Mooney, 54 F.3d at 1214, n.8 (citing
Sperling v. Hoffman-La Roche, Inc., 118 F.R.D. 392, 407 (D.N.J. 1988). At this stage, however,
a plaintiff must make at least a minimal showing that: “(1) there is a reasonable basis for
crediting the assertion that aggrieved individuals exist; (2) those aggrieved individuals are
similarly situated to the plaintiff in relevant respects given the claims and defenses asserted; and
(3) those individuals want to opt in to the lawsuit.” McKnight v. D. Houston, Inc., 756 F. Supp.
2d 794, 801 (S.D. Tex. 2010) (citations omitted). A court will customarily make a decision
“based only on the pleadings and any affidavits which have been submitted.” Mooney, 54 F.3d
At the notice stage, the plaintiff bears the burden of making a minimal showing that other
aggrieved individuals wish to opt in to the lawsuit. McKnight v. D. Houston, Inc., 756 F. Supp.
2d at 801. While the burden is low at this stage, here it has not been met by Plaintiff. “A
plaintiff must do more than show the mere existence of other similarly situated persons, because
there is no guarantee that those persons will actually seek to join the lawsuit. Affidavits from
potential class members affirming their intention to join the suit are ideal for an analysis of
whether the putative class members were together the victims of a single decision, policy, or
plan.” Id. at 805 (internal quotations and citations omitted). This requirement exists because
“[o]thers‟ interest in joining the litigation is relevant to deciding whether or not to put a
defendant employer to the expense and effort of notice to a conditionally certified class of
claimants in a collective action.” Simmons v. T-Mobile USA, Inc., No. CIV A H-06-1820, 2007
WL 210008, at *9 (S.D. Tex. Jan. 24, 2007). Furthermore, “courts ... have a responsibility to
avoid the „stirring up‟ of litigation through unwarranted solicitation.” Valcho v. Dallas Cty.
Hosp. Dist., 574 F. Supp. 2d 618, 622 (N.D. Tex. 2008) (quoting D’Anna v. M/A-Com, Inc., 903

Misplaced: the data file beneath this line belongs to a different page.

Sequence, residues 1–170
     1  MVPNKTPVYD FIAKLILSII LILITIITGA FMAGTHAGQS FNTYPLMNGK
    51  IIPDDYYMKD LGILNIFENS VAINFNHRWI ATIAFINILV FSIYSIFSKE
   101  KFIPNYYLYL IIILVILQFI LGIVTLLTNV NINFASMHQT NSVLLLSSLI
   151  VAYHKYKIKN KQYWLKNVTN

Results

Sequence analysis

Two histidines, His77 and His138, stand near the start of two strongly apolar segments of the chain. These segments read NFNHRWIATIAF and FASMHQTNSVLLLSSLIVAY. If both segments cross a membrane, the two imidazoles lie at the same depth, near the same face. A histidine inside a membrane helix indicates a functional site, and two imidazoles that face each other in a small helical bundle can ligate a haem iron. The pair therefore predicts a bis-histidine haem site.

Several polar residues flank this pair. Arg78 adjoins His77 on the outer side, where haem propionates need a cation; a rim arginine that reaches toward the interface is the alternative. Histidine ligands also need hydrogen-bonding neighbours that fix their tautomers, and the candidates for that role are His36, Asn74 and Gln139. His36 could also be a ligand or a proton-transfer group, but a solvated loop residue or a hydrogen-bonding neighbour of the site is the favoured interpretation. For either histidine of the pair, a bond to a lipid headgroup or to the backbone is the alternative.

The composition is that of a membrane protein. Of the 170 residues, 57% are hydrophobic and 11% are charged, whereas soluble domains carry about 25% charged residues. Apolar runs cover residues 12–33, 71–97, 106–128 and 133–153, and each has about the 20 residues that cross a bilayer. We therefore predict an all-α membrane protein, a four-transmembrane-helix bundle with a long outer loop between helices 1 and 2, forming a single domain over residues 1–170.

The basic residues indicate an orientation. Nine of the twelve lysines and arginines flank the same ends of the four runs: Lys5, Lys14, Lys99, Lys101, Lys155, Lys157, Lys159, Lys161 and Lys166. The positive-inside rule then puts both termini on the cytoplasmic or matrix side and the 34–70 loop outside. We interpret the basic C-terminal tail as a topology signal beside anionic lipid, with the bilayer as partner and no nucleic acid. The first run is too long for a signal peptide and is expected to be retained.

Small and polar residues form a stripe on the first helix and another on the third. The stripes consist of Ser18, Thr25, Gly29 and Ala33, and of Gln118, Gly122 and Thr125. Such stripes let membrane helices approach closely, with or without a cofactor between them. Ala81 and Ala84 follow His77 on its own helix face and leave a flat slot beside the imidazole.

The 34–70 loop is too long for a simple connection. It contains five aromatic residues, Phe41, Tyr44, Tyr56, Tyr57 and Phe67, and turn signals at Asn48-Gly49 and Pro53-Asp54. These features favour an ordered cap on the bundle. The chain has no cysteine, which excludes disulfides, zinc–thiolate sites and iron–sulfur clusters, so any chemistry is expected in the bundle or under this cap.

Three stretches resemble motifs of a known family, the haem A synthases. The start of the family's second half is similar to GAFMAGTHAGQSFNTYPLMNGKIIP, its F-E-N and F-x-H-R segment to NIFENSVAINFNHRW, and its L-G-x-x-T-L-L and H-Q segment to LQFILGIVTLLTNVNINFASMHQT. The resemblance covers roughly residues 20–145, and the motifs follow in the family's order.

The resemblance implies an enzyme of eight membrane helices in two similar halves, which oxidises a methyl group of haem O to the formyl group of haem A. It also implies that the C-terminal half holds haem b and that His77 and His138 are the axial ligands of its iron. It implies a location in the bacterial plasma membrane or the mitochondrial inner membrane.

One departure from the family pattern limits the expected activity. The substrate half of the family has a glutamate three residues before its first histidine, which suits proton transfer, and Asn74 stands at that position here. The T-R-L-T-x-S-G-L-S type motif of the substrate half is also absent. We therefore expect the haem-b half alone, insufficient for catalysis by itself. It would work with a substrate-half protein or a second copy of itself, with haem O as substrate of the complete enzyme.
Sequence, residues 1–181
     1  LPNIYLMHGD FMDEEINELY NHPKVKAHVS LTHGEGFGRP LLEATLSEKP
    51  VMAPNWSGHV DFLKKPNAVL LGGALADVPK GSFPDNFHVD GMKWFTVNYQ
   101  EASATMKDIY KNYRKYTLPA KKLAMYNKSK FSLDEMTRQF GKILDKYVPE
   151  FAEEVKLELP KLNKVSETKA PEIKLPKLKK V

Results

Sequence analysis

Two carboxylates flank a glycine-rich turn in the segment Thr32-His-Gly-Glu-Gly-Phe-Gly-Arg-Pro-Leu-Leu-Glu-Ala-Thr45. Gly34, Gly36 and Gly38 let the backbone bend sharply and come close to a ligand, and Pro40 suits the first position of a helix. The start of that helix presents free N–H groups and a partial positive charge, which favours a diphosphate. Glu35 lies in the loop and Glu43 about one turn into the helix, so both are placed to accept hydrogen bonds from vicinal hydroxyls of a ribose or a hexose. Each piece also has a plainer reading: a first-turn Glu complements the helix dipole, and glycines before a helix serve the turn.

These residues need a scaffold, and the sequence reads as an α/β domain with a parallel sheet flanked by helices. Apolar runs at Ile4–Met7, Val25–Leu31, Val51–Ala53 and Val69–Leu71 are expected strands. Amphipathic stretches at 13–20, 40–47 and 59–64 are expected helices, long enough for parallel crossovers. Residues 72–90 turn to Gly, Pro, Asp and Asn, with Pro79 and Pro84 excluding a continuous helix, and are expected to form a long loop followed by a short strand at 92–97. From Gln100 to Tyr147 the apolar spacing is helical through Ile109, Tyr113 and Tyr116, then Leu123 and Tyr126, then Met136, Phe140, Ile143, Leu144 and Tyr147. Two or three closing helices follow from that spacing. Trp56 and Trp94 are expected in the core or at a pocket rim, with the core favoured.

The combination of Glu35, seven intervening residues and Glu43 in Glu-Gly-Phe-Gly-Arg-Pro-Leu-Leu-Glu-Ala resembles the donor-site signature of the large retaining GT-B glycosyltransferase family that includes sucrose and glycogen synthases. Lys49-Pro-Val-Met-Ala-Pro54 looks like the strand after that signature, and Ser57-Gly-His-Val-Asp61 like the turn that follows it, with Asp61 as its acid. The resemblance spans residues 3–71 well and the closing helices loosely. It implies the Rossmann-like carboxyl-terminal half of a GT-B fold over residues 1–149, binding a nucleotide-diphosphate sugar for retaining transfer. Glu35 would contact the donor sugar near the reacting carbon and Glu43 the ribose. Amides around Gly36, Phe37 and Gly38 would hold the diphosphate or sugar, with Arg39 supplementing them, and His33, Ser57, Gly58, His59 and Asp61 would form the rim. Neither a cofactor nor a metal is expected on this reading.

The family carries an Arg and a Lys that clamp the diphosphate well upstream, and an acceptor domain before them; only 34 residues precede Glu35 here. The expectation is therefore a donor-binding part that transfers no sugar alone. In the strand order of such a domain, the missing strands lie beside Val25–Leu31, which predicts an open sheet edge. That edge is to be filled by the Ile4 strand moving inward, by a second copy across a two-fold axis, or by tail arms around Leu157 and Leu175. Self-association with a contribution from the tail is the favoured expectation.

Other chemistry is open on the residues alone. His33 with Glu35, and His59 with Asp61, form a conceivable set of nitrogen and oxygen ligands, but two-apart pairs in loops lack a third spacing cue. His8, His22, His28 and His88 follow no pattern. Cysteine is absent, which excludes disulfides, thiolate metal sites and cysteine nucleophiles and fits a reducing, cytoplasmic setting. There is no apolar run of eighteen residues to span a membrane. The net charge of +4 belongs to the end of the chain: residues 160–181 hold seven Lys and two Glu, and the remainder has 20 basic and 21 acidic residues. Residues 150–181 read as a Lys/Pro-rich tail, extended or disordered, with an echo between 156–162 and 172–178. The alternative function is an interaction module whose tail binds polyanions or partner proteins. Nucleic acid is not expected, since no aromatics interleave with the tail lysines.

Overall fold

F. Supp. 889, 894 (D. Md. 1995)).
Mr. Harlow has not included any affidavits from other potential class members, nor does
he allege that he is aware of any specific individuals who are interested in joining the lawsuit.
Mr. Harlow only makes a bare statement that he “believe[s] that there would be others that
would want to join this lawsuit if notice were issued to them and they were made aware of the
suit.” Doc. 23-1 at 4. This is not sufficient to meet this prong of the test and thus conditional
class certification is not appropriate. Pacheco v. Aldeeb, No. 5:14-CV-121-DAE, 2015 WL
1509570, at *8 (W.D. Tex. Mar. 31, 2015) (“In addition to requiring the existence of similarly
situated individuals, most courts require that a plaintiff present some evidence that those
individuals are likely to opt-in to the lawsuit.”); Behnken v. Luminant Min. Co., LLC, 997 F.
Supp. 2d 511, 522 (N.D. Tex. 2014) (“[B]efore granting court-facilitated notice, the court should
satisfy itself that there are other similarly-situated employees. . . who would desire to opt-in to
the lawsuit.”) (quoting Valcho, 574 F. Supp. 2d at 622); Simmons, 2007 WL 210008, at *9
(denying certification where plaintiff did not present any admissible evidence that other
aggrieved employees were interested in participating in plaintiff‟s suit); see also Parker v.
Rowland Express, Inc., 492 F. Supp. 2d 1159, 1165 (D. Minn. 2007) (“Simply put, a plaintiff
must do more than show the mere existence of other similarly situated persons, because there is
no guarantee that those persons will actually seek to join the lawsuit.”); Dybach v. State of Fla.
Dep’t of Corr., 942 F.2d 1562, 1567 (11th Cir. 1991) (“[T]he district court should satisfy itself
that there are other employees of the department-employer who desire to „opt-in.‟”). Since
Plaintiff has not made a minimal showing that other aggrieved individuals wish to opt in to the
lawsuit, his Motion for Conditional Certification is denied.
Because Plaintiff‟s Motion for Conditional Certification is denied, Plaintiff‟s related
Motion for Approval and Distribution of Notice and For Disclosure of Contact Information, Doc.
24, is also denied.
For the foregoing reasons it is hereby
ORDERED that Plaintiff‟s Motion for Conditional Certification, Doc. 23, is DENIED.
It is further
ORDERED that Plaintiff‟s Motion for Approval and Distribution of Notice and For
Disclosure of Contact Information, Doc. 24, is DENIED.
SIGNED at Houston, Texas, this 26th day of October, 2017.
UNITED STATES DISTRICT JUDGE
Disclaimer: Justia Dockets & Filings provides public litigation records from the federal appellate and district courts. These filings and docket sheets should not be considered findings of fact or liability, nor do they necessarily reflect the view of Justia.
Why Is My Information Online?